Track and trace across Europe
Three years ago, more than 450,000 cars vanished from European streets, never to be recovered. Today, there is a 90 percent chance of getting a stolen vehicle back. Securitas can offer a stolen vehicle recovery service across 20 countries in Europe.
Track and trace systems are rapidly spreading. Today, more than 25,000 vehicles in Europe are connected to Securitas, and the company registers about 500 new vehicles every month. There is also an increasing interest among transport companies to protect attractive goods by means of a tracking device inside the load. Truck manufacturer Volvo Trucks went one step further and added the track and trace system to their own fleet management system, Dynafleet. The system assists drivers on the road, and includes features such as monitoring current location of the trucks, their fuel consumption, messages, driver times and service intervals.
“One feature was lacking in this very complete offering, and that was a solid security feature,” says Product Support Manager Pascal Claes at Volvo Trucks, Belgium. “Often, drivers have to pull over for a scheduled break in isolated parking lots, or by the road. Today, it is becoming more and more common with truckjacking, even in broad daylight. Both the truck and the cargo are desirable goods.”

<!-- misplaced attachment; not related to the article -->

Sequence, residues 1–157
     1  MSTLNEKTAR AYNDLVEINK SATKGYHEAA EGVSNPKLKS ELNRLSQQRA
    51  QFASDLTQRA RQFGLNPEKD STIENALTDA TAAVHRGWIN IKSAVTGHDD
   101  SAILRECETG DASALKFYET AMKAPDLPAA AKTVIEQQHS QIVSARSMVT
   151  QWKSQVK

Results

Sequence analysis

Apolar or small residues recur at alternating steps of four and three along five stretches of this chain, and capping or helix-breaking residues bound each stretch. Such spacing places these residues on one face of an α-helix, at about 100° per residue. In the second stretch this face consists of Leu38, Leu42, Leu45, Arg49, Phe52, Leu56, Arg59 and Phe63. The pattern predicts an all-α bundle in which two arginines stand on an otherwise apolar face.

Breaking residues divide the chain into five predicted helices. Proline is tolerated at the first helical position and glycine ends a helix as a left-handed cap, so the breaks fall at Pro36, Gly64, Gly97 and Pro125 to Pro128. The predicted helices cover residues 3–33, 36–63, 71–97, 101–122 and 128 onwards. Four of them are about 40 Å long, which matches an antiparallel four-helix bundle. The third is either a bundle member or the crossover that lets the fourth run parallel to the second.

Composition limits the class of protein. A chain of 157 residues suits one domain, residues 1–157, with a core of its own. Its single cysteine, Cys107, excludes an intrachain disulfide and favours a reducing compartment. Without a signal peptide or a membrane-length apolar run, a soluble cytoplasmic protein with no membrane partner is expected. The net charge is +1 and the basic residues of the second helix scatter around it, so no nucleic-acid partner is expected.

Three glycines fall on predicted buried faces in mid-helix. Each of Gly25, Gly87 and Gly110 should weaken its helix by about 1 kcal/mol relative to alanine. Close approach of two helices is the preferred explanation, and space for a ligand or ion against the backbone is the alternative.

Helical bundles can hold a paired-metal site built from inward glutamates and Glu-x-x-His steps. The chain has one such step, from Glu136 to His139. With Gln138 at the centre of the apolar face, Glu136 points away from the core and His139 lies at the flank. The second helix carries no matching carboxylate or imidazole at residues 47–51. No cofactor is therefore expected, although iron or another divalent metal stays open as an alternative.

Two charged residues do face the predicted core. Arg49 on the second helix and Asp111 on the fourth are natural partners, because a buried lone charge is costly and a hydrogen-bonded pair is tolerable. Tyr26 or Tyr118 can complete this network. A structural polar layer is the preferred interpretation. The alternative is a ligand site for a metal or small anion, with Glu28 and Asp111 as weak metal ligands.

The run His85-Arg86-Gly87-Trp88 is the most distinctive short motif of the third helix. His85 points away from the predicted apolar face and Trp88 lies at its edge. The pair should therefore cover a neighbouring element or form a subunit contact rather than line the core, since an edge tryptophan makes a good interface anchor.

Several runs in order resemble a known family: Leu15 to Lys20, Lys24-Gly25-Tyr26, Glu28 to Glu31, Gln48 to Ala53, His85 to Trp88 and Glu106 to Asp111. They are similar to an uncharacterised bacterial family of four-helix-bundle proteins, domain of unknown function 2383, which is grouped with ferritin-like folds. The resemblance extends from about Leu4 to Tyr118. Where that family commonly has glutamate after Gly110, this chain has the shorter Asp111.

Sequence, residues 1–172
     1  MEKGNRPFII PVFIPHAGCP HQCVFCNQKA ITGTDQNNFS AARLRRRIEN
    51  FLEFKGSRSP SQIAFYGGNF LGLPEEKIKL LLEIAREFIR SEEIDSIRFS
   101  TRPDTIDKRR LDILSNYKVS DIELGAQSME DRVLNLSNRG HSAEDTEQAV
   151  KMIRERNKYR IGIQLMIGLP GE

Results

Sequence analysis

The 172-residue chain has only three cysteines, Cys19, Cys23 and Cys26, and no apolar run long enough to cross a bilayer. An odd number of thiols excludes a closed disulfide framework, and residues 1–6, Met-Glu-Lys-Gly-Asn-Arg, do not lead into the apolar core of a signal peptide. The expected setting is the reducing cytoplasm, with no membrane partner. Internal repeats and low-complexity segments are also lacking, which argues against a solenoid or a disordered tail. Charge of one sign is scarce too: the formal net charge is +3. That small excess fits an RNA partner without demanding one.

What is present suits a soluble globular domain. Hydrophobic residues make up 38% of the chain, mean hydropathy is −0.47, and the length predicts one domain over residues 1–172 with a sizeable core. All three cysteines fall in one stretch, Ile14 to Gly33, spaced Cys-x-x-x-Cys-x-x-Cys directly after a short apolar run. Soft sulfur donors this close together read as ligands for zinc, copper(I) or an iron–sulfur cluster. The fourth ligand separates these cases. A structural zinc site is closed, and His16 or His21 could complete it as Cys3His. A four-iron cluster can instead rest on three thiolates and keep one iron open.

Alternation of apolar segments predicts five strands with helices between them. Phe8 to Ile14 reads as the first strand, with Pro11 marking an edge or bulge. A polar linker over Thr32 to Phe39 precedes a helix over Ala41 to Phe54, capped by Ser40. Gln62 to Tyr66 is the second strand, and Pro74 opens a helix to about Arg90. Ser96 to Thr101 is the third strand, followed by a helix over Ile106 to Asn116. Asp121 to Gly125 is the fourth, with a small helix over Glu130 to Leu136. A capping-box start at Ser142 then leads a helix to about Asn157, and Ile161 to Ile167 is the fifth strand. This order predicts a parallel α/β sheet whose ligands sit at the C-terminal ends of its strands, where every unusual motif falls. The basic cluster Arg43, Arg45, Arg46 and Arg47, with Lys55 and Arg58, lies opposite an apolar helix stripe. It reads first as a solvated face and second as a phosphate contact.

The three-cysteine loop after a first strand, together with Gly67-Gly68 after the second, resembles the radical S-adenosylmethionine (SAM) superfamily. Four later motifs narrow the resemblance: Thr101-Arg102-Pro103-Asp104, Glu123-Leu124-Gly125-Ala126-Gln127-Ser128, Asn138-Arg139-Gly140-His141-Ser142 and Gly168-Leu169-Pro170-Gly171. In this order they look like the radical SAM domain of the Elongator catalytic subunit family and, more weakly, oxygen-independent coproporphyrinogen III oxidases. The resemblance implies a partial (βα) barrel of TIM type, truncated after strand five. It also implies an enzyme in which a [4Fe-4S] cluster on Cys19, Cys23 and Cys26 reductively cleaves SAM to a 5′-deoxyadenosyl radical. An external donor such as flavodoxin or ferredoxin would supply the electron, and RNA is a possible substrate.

“As we explored the possibilities, we turned to Securitas that has already managed to migrate other track and trace technologies into their network. They also have the best coverage of alarm monitoring centers in Europe and the necessary expertise.” Volvo Truck’s customers were looking for a security system that would secure the driver, the cargo and the truck, Pascal Claes explains. To meet those needs, Securitas’ system was connected to the existing fleet management system.
When there is an emergency situation, the driver can push a button in the truck, and an alarm is transmitted to the high-security Alert Services monitoring center in Brussels. Here, crisis management trained operators can through satellite positioning and mobile phone technology pinpoint a vehicles position and immediately alert local authorities.
At present a number of tracking technologies and service providers are available on the market. For Securitas, the next step will be to lead the industry towards a common technical platform. Agreeing on a common platform will likely become easier as monitoring equipment and services will become more of a standard feature. By 2011, all European vehicles will have to be equipped with a monitoring device, according to the “e-call-directive” from the European Union.